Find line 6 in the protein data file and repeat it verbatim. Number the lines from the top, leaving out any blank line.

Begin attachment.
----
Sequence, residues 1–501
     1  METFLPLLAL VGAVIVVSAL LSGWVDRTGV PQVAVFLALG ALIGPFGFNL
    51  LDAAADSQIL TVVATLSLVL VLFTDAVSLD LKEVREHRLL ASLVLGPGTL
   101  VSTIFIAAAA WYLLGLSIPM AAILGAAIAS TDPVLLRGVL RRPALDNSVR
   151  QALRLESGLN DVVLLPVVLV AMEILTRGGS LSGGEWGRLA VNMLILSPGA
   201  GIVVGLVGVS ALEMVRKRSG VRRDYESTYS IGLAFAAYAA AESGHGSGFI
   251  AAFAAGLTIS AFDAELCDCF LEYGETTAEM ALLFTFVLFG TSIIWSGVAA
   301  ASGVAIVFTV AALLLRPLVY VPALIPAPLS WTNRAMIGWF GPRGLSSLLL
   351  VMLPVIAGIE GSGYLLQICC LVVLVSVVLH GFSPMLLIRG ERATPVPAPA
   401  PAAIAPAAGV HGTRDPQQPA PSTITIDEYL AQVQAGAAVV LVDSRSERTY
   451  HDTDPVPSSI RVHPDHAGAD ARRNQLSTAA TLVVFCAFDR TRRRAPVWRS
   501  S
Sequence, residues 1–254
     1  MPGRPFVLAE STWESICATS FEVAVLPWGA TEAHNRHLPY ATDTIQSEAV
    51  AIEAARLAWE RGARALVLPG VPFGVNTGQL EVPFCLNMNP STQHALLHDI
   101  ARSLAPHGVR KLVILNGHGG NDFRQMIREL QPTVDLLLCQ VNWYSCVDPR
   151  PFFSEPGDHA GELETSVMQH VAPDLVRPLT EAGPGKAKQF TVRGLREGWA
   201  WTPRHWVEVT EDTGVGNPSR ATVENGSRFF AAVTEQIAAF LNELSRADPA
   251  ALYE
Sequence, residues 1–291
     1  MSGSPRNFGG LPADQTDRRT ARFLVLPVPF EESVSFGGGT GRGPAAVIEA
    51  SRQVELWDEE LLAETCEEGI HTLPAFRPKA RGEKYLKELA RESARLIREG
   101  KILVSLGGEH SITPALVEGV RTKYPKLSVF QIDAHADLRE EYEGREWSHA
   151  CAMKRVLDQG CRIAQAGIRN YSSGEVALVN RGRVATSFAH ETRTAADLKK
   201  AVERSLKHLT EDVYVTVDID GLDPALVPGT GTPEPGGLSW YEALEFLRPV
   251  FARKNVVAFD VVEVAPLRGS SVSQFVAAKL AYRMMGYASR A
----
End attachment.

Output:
   201  GIVVGLVGVS ALEMVRKRSG VRRDYESTYS IGLAFAAYAA AESGHGSGFI